Susan
Susan
  • Hometalk Helper
  • Lawrenceville, GA

Beat the Heat in Your Back Yard

5 Materials
$150.
3 Days
Medium

3 roman shades made for our pergola on our back deck.

We have shade trees, but they were not quite enough to

keep the heat out.

We had recently build the pergola and we used smoke colored vinyl roofing so that it lets in some light and so we still have a visual of the sky. But in the afternoons it just get to hot when the sun is beating down on it.

I decided to try my hand at making some roman shades.

I had

beat the heat in your back yard

I first cut the canvas to the length of the pergola plus 6 inches.

I did not want to try to sew this on my home machine, so I used fusible backing that is used to make patches. I folded over 2 inches and cut the backing to fit, and ironed it. (follow the instructions from the manufacture). I used high heat and left the iron on it until the edge fused.

The top of the hem is where I started my measurements.

beat the heat in your back yard

Next, I had measured out for the placement of the brass rings that will be used on the wire guide line. I used brass because I felt the wire would wear through the plastic ones that are normally used on roman shades.

The brass rings are 3/8 inside diameter 7/16 outside diameter, perfect size for this project. For my project I made 5 rows about 15 inches apart and placed them 2 feet apart, starting at the edge of my hem.

Each brass ring I hand sewed using heavy duty thread doubled.

beat the heat in your back yard

For 5 rows you will need 10 closed eye hooks, 40 lb strength picture wire,

5 turn buckle hooks with one side closed eye and a pair of wire snips.

beat the heat in your back yard

On the back end of the frame. Measure out where your shade will hang, and where each row will be. Screw in an eye hook at each mark. Front and back of frame. Tie the length of wire that you will need, in my case 11 feet plus enough to tie so about 12 feet for each row. I did a threaded the wire through the eye looped it around the straight wire, threaded the end back through the eye and then again around the straight wire, and then wrapped the wire around itself to secure it to the eye. Thread the wire through all the brass rings for that row. You might find it easier to set up all rows at one time, and tread all rows at the same time. Loosely but securely thread the wire to the eye of the turn buckle. Hook the turn buckle to the eye screw. One at a time, I start with the ends and then the middle, untie the line and pull taunt. Tie off. Now you can use the turn buckle to take out any slack.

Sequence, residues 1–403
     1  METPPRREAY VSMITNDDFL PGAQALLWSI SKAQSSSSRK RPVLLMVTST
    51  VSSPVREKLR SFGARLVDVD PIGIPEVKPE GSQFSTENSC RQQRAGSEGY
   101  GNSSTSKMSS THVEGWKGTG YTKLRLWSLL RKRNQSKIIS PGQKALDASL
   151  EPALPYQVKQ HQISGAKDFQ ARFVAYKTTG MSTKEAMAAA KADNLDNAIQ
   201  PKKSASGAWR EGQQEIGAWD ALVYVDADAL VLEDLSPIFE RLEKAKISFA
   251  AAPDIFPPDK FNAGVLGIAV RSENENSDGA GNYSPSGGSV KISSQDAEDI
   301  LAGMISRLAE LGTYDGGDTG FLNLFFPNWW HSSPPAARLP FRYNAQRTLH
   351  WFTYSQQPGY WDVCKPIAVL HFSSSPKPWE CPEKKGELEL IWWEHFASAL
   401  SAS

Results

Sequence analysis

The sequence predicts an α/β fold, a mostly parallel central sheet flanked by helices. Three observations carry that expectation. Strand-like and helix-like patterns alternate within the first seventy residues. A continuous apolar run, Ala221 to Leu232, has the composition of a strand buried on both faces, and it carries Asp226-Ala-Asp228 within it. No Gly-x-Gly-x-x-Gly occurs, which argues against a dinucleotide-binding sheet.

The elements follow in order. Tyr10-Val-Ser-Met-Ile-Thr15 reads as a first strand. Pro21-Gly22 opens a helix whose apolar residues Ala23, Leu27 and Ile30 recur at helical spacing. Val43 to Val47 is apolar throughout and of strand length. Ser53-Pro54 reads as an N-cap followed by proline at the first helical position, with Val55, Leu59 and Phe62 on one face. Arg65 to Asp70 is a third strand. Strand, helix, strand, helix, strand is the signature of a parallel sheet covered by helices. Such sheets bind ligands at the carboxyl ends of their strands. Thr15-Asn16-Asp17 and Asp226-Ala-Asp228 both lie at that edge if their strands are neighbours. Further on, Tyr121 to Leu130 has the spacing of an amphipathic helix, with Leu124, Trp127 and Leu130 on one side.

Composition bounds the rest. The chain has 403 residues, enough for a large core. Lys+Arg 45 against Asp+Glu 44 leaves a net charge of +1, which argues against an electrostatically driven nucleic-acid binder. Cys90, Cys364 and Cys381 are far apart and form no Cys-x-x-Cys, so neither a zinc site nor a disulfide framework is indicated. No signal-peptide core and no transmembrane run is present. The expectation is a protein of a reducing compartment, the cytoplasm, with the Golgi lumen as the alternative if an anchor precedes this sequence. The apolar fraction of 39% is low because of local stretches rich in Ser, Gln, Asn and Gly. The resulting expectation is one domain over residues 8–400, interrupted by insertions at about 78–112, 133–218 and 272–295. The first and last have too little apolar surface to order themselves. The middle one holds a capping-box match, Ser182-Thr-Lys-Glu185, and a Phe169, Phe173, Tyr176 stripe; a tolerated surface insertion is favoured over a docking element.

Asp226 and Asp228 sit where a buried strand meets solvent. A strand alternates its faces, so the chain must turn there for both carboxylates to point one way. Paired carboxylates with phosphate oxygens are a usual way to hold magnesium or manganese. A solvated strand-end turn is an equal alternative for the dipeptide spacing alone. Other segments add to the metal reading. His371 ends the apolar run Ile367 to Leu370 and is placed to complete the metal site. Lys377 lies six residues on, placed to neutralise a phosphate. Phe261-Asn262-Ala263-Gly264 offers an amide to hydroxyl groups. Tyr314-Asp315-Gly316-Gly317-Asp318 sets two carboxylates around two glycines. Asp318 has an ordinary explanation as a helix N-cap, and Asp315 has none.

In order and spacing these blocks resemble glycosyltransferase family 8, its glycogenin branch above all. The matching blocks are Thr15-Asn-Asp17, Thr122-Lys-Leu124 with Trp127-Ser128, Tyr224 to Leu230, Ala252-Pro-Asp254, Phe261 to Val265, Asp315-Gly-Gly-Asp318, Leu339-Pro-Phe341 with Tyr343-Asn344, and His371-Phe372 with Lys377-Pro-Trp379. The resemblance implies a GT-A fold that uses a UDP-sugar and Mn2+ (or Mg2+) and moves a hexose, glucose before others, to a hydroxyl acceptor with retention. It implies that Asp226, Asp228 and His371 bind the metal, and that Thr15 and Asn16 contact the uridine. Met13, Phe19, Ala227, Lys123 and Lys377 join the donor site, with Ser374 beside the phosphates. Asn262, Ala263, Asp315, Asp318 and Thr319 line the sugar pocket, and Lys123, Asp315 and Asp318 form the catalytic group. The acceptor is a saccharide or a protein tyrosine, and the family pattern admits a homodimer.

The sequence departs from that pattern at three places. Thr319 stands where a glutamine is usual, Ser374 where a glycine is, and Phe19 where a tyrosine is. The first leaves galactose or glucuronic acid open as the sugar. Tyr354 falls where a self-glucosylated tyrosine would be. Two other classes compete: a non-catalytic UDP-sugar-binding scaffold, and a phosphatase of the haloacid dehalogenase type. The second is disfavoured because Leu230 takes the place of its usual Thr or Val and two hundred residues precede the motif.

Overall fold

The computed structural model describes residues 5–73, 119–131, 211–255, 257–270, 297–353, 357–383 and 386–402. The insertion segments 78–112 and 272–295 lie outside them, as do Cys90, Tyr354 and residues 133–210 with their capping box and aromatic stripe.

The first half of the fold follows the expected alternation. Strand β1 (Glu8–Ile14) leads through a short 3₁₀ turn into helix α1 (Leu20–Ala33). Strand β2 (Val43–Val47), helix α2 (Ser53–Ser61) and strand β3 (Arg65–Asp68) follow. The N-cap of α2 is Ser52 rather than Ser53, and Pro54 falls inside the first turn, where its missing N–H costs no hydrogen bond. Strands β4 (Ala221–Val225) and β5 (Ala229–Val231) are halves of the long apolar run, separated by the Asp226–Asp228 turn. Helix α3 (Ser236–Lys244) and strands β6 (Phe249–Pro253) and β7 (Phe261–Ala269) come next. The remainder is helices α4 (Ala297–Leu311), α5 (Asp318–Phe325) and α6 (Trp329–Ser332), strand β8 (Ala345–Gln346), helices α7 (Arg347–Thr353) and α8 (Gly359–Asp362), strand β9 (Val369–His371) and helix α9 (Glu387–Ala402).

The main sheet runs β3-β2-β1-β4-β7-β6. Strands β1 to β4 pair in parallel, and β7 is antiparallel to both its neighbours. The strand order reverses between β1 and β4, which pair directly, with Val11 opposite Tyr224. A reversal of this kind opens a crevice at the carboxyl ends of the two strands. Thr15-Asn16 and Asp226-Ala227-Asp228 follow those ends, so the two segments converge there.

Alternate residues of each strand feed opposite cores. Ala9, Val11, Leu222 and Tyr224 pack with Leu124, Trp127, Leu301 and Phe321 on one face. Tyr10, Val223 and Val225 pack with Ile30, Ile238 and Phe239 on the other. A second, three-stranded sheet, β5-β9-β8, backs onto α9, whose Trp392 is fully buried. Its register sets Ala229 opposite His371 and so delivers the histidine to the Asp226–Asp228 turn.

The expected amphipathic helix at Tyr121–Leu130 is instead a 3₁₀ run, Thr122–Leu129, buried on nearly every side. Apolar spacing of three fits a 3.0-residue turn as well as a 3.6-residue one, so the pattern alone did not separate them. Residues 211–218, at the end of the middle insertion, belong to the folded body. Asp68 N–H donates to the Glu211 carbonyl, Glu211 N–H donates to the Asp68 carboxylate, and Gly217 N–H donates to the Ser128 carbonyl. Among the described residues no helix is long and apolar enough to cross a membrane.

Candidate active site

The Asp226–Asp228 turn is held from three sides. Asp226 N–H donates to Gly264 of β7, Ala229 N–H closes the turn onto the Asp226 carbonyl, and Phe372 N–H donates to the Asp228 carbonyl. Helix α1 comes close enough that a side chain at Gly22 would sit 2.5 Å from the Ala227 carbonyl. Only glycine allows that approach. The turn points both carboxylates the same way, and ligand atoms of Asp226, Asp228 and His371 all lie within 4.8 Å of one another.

beat the heat in your back yard

Because of the length of ours, I couldn't attach the back to the wood like I would have liked to, so instead I just stapled the canvas to the underside of the frame. This hides the back row of eye hooks and wire. I folded the edge about an inch to give a clean look, and will add wood trim to cover the staples. We used a piece of 1x2x16 wood for the back frame.

beat the heat in your back yard

Here is the side view of the first panel. You can see how it will drape when opened.

beat the heat in your back yard

I love how it instantly cooled our deck off and how the light dapples through the canvas.

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Have a question about this project?

2 questions
  • Wandamurline
    on Jul 2, 2018

    I was going to use the same kind of roof on a projected pergola on my back deck....did you make one side a pinch taller where the rain will drain? I was going to look at the smoke colored, but after your problems, I am going to have to go back to the design and maybe look at the green

    • Susan
      on Jul 2, 2018

      Yes the roof is pitched from the back to the front so rain drains forward.

      The pitch of the room is about a foot taller in the back, towards the house to be able to get the correct pitch for it to drain properly.

      I do like the smoke colored. We used it when we lived in FL, and it held up well even during a hurricane. In the winter we will want to have the sun to help warm it up out on the deck. :)

  • Pam
    on Jul 2, 2018

    Did you post a picture of the completed pergola when finished or did I miss it?


    • Pam
      on Jul 3, 2018

      Thank you for posting these. Love it!!!

Join the conversation

2 of 12 comments
  • TW
    on Jul 3, 2018

    Great idea! I'm in Peachtree City---so necessary for our GA summers!

  • Phyllis Williams
    on Jul 4, 2018

    I love this. So really you have a covered porch.

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